The 1975 Act expanding the Havasupai's reservation contained several provisions which Park and Canyon advocates could legitimately claim to be concerned about. Creation of a Secretarial land use plan had the broadest impact. Specifically, the plan's uses were to be scrutinized closely to be sure they were not "inconsistent with or detract from park uses and values". I wrote the Park superintendent in Jan 1975 that that phrase meant he was the "on-the-spot guardian" and should have a say. I went on at length in my letter that any hunting should be rigorously limited, and prevented in the area of the Park that the Havasupai could use for traditional purposes. Regulations for that Use Area were solely under the Superintendent's jurisdiction. We remained jumpy about rumored hunting, though evidently without cause.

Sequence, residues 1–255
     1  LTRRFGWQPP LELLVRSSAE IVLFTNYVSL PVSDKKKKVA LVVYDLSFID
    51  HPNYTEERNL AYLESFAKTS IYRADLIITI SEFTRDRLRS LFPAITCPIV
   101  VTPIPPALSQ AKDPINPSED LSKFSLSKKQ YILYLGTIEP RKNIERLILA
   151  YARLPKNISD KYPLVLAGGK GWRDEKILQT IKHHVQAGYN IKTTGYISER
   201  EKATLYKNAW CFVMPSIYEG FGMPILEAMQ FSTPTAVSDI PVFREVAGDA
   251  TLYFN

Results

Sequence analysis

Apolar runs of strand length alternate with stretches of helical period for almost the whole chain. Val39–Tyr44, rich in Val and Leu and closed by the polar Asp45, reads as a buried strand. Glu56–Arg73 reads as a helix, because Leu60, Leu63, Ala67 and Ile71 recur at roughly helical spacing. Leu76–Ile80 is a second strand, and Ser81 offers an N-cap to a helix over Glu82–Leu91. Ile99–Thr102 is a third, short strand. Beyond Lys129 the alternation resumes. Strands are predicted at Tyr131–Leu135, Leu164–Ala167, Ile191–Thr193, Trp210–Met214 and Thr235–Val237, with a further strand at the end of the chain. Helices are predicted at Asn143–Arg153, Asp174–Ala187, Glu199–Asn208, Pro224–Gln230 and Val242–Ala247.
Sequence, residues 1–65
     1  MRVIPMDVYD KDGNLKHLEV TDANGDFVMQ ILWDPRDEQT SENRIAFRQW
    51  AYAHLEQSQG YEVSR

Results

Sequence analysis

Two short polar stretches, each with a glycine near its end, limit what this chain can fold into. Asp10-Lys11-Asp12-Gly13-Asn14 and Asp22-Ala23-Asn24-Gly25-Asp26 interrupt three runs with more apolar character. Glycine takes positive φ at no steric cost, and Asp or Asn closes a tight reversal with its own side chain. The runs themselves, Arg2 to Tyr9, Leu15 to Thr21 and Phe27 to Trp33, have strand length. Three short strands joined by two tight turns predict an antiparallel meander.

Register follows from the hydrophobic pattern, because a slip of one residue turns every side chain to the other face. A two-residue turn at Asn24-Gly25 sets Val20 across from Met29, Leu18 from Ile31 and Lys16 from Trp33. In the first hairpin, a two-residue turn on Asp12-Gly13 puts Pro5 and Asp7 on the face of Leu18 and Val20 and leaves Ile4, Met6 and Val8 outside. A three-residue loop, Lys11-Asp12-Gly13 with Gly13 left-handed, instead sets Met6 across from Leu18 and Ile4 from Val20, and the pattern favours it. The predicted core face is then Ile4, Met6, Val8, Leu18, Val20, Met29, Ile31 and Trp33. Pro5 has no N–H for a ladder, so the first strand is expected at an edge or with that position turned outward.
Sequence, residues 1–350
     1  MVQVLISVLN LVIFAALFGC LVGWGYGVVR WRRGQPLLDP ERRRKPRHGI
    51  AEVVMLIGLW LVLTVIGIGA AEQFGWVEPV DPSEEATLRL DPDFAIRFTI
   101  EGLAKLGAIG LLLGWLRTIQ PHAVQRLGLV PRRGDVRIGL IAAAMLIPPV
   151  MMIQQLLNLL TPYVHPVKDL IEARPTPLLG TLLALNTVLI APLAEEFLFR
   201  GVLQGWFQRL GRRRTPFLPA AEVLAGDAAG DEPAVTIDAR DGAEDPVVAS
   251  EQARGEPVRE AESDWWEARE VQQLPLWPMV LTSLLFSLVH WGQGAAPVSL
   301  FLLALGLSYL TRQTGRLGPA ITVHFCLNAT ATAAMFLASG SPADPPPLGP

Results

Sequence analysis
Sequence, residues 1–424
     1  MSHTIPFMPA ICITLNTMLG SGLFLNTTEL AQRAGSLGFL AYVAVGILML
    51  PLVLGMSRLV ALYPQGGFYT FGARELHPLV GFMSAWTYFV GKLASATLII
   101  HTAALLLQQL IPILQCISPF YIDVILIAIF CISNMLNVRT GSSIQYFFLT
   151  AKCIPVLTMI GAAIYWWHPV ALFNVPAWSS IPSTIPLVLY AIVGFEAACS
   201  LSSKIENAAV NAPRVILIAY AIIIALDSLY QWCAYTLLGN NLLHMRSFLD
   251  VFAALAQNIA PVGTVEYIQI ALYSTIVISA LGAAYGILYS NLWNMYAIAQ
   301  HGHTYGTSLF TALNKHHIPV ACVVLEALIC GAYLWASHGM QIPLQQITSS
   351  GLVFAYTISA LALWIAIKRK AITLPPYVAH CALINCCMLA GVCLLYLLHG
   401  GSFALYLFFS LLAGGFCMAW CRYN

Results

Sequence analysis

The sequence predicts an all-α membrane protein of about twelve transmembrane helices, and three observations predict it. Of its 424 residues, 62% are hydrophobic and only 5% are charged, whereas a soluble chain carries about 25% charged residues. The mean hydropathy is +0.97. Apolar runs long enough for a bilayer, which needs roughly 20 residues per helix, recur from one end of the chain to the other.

We thought there should be trails and designated campsites, but were determined to discourage even small-scale commercial structures outside the two or three places the Havasupai might need them for their own purposes.
The Havasupai quickly formed a land-use committee to work with the BIA, and hired Joe Sparks, who had led the congressional effort, in March 1975 to advise on getting the plan drawn up, reviewed, and approved.